SEEKING ADVICE FOR PRACTICE USING A PRACTICE PAD KIT

CC Cirillo

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As background, for some reason I struggle with transferring something I’ve practiced on a pad to a real drum. Something about feel and rebound throws me off in the transition.

So with that foible confessed, I’m looking for some advice on the best way to approach improving myself just using a practice pad kit. The kit I’ve cobbled together (pictured) is DW pads profiled to match a one up/one down kit with a pad positioned for a ride cymbal, a dual sided/bullseye Prologix practice pad for a snare, and an actual hi-hat with a muffler in between the cymbals and an oven mitt to quiet where I strike. Bass pedal below.

Please bear in mind, I have no studio and like many of you I’ve been sequestered in the Great Lockdown of 2020. I have not played live drums with any of my bands since mid-March. And before that, literally, due to work/commute/family schedule and no place to practice, the only times I was physically hitting drums and cymbals was at a rehearsal or club date.

I want to use this continuing downtime to maintain my playing level and hopefully improve my chops, flow, timing, and musicality. (The last three being the most important to me, but I’d love to resurface with some panache.)
With some upcoming loss of income, I can’t invest in an electronic kit, or a laptop, or online lessons, or a lockout studio. I regularly pick up pointers from YouTube teachers like Rob Brown, but never watch shredders. I have a metronome and a LiveBPM app. I play by ear and have limited reading skills. My sessions are between 5 minutes to 15 minutes, stolen in between work calls and dealing with a demanding preschooler. Evenings and weekends are 100% for family time. My musical taste is wide, but my bands play rock/pop covers or originals that are a blend of rock, hip hop, blues and country. I’m an intermediate player who’s been off and on the throne for about 30 years. I know my limits and don’t scrape much guardrail.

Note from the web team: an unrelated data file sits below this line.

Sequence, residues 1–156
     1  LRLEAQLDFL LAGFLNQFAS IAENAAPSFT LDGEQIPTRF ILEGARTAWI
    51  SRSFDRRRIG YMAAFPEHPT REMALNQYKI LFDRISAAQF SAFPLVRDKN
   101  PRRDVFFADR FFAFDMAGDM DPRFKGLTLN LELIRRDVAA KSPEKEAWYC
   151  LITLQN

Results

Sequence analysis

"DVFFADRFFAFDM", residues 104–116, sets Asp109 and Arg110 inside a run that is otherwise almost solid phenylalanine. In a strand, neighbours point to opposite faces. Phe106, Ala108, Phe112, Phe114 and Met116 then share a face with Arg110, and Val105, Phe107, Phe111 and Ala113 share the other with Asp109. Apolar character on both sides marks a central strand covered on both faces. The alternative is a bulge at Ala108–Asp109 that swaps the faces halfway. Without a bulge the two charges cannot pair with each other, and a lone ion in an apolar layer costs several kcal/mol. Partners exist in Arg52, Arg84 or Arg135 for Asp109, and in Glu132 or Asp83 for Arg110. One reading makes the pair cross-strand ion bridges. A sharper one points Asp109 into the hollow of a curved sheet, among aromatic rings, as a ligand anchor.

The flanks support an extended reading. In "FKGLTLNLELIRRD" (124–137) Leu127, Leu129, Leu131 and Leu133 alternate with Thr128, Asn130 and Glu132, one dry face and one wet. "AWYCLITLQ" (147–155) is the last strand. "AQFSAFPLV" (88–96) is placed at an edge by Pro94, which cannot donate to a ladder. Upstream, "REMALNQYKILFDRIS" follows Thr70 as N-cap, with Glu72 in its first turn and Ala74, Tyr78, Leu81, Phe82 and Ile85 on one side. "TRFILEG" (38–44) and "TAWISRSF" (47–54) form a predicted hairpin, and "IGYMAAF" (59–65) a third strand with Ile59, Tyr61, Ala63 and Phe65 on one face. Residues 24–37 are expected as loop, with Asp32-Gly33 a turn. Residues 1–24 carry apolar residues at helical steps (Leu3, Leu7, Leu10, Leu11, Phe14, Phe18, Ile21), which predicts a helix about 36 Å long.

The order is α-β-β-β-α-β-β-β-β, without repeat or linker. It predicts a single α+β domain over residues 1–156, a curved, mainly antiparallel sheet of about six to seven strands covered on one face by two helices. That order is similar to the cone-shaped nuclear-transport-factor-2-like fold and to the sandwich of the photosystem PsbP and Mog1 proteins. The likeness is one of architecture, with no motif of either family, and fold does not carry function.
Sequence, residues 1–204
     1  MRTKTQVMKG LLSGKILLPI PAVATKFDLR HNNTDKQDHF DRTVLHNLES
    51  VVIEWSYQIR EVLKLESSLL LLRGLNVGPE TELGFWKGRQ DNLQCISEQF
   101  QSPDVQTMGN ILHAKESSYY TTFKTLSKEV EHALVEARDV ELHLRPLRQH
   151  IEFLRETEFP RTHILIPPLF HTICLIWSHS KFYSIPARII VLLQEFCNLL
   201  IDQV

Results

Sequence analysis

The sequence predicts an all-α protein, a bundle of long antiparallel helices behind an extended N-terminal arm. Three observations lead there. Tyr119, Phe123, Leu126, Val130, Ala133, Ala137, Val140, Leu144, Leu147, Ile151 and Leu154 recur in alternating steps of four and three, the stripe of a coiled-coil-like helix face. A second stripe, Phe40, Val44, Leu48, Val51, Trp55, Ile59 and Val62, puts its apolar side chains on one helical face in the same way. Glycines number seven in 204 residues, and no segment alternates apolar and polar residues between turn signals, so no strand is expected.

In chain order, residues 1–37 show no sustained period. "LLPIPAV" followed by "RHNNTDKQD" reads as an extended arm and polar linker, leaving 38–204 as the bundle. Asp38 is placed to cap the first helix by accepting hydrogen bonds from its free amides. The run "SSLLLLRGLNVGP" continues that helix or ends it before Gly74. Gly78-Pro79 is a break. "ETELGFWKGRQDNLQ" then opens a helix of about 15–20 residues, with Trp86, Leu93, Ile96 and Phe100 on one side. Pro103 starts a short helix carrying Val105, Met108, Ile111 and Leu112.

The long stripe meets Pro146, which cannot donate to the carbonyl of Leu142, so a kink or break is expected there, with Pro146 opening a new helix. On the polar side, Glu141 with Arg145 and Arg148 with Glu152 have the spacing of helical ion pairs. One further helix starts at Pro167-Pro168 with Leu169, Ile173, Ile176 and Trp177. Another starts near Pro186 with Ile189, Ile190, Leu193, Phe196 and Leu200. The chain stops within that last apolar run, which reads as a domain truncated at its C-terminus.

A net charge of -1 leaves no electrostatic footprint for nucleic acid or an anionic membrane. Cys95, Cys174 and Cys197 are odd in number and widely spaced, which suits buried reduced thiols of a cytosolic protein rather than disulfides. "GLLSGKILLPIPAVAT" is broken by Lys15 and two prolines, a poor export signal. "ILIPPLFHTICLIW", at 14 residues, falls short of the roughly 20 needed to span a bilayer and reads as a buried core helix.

So far I’ve been working on hi-hat off beat foot chups in straight 8 patterns and shuffles, parallel snare/cymbal patterns (a la the groove on Led Zeppelin’s Rock and Roll) and foot/hand triplet patterns. These are all areas of weakness for me. Progress is being made, and I can keep on doing what I’m doing, but I am wondering if any of you have advice specifically tailored to using and progressing on a fake kit. It really is a different instrument.

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CC Cirillo

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I should add that I am able to put in about three or four of these quick break sessions a day, which equates to anywhere between 25 minutes or an hour a day.
 

RhythmGJ

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The simple answer would be “whatever you would practice on a real drumset.”

Not intended to be snarky at all, but really, that’s it. If you need work on grooves, work on grooves. Need to learn material for when the gigs return? Practice songs. Chops? Try applying rudiments around the kit while keeping solid time underneath (kick and HH). Four-way coordination? Various HH patterns with the left foot to keep time while working on grooves with the other three appendages. With your stated caveat as a given, the only way to get better at anything is to practice. So the way to get better at applying your practice sessions on a pad kit to real situations on drums, would be to practice real drumming on your pad set. Then hit the drums whenever you can.

All my lessons with my teacher over the years were on a pad set. It used to throw me, but eventually the transition was easier. Then when I started apartment-dwelling, the pad kit became a must. Now it’s not that difficult to adjust for the differences.

Just Do It, as they say...


GJ

PS— One thing you could do would be to use an actual snare drum, and throw a Gladstone pad on it. That’s much closer to “real,” and if you ever get an opportunity when everyone is out to take that off and wail on the snare... well, it’s there.
 

RhythmGJ

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PPS— Hey! Are those 15” K’s? Or do they just look bigger in the picture?


GJ
 
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I want to use this continuing downtime to maintain my playing level and hopefully improve my chops, flow, timing, and musicality. (The last three being the most important to me, but I’d love to resurface with some panache.)
What a GREAT question. I'll offer a little background first. I think EVERY drummer has dealt with this issue of not being able to practice a lot on a real set at one time or another. I know I did at several points in my career. I am asked about this constantly by students.

I'll start with this, as a touring drummer for 15 constant years or so, it was only a pad and hotel pillows and the corner of the bed for me during most days. And I got a lot accomplished.

For "sheer" chops, all you need is a pad (or maybe even just a pillow, and a mirror helps.) Raw chops (to me) is about refining your grip (technique,) getting out of the way of the stick, and refining-economizing your motions to be able to play what you hear in your head with as little effort as possible. And that all starts on ONE surface, and it starts with slow deliberate movements. In time, those motions become internalized, get smaller, and your "chops" (technique) gets better.